How do you approach your Endo about a Pump?

OK, I feel a little silly, but I’m hesitant about asking my Endo about getting on a pump. I’ve only been diabetic (type 1) since July, and I don’t want to come off as an “annoying” patient. I also feel like I need to have reasons or arguments of why I need the pump. I don’t even know if he will shoot me down, but I feel so intimidated sometimes when I’m in there (especially since last time I saw him, it was a follow-up from a DKA admission).

Any suggestions on what to say, or how to diplomatically ask your doc about trying to start pump therapy? Anyone else get sheepish, during that short 15 minute visit?


I have had my pump for almost a year my endo mentioned pump therapy on my first visit. I did the research and came back and said this is what I want and she said OK. She was all for it.
Just tell your doctor you would like to go on the pump if he/she says no or is against pump therapy then you have a bad endo IMO! I would then get a new endo. I don’t think you will be one of those annoying patients for asking to start pumping. It is your life, your body and your health. If the pump helps you better control your diabetes like it does for me then know one not even a doctor should stand in your way. I think most likely they will be more than happy to sign off on it for you.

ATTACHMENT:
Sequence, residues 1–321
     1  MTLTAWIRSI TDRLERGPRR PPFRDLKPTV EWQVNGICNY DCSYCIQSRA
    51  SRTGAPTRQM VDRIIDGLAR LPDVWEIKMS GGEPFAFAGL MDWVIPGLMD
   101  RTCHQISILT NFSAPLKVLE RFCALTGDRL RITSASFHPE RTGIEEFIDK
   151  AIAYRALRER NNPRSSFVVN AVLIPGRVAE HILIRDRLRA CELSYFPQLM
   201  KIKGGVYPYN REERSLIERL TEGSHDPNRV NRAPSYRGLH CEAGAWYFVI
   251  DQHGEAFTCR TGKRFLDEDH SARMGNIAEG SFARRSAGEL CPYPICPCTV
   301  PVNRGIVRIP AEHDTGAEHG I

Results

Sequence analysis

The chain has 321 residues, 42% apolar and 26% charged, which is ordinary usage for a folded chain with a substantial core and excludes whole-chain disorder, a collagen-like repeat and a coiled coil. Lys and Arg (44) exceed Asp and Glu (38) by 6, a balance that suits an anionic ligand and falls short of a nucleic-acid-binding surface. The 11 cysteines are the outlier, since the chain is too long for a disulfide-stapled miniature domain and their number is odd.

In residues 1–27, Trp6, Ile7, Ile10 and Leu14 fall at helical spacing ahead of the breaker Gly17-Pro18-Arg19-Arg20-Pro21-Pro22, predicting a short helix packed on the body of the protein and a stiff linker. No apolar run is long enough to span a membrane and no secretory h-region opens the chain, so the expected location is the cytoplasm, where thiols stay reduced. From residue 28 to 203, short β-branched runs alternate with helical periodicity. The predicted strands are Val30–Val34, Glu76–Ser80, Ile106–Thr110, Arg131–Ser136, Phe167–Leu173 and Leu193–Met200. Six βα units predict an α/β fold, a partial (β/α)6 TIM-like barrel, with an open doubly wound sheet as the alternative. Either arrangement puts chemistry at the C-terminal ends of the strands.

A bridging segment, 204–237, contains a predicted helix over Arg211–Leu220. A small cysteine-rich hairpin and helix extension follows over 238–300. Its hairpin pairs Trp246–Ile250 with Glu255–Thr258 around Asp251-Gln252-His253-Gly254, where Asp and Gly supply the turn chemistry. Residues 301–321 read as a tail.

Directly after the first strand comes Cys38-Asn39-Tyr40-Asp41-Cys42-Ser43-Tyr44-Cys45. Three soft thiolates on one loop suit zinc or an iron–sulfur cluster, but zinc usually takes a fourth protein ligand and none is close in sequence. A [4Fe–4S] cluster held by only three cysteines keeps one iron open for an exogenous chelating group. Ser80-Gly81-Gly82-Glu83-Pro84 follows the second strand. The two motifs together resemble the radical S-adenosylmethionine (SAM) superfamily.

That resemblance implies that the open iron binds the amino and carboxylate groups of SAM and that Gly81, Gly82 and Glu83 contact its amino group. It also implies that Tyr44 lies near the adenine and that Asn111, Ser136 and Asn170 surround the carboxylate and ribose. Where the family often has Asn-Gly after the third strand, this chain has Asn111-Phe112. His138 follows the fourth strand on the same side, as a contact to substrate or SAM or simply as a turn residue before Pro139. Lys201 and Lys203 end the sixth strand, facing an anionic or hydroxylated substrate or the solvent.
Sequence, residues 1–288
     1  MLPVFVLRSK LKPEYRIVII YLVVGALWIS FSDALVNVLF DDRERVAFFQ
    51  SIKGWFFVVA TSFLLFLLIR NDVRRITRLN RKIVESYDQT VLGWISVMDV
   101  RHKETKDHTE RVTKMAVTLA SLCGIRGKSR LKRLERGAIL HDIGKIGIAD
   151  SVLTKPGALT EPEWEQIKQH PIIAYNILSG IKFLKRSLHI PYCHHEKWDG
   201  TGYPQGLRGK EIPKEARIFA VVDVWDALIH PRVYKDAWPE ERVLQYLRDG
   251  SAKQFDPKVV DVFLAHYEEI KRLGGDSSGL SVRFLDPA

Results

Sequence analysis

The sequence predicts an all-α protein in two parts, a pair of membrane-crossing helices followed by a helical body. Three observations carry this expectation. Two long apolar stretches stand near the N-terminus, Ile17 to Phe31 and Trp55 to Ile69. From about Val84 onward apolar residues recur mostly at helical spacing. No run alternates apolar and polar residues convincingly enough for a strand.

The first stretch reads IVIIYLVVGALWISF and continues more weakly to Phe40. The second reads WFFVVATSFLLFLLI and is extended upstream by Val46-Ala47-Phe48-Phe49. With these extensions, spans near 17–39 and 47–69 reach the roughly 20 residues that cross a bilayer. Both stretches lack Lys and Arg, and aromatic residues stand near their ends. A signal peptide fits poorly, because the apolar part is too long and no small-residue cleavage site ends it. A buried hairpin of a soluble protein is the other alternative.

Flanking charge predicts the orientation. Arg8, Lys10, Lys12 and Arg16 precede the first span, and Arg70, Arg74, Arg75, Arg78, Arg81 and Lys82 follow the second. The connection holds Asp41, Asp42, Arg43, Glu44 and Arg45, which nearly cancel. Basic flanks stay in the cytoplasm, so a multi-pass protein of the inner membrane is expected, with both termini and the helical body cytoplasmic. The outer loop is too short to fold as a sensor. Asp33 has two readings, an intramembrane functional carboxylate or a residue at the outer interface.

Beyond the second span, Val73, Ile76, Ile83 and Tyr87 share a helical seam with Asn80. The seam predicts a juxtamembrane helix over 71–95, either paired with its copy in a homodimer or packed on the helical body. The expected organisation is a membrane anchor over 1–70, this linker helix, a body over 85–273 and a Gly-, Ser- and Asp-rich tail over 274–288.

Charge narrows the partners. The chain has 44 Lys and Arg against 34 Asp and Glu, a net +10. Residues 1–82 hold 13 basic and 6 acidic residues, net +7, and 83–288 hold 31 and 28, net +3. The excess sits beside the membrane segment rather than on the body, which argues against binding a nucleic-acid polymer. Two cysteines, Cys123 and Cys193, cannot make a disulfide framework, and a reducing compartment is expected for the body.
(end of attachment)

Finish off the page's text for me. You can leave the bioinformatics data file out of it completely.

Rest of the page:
Don’t be intimidated just go in with confidence and say " I want to start pump therapy how do I get started?" then the ball is in their court which gives them the power to tell you what to do and how to go about it.

Arguments for pumping-
Better bg control
flexibility in eating, when and how much
easier to adjust your basal so you can exercise
Less pain with injections
overall better A1c results
Better lifestyle flexibility

Just don’t take NO for an answer-


Just be honest. I found that most docs support the pump. Though I warn you, convincing your insurance may be the challenge.

If you want to live a long and happy life with diabetes, you better learn how to be an “annoying” patient as fast as possible if by annoying you mean demanding the latest in effective care!

You are paying the doctor, and a doctor who gets annoyed when you ask about a treatment option is not going to be much help. A good doctor may explain to you why something you’d like to try won’t be a good idea for you in particular, and that’s what makes them worth their pay. But you have a right to demand explanations and a doctor who supports your efforts to get the very best blood sugars possible.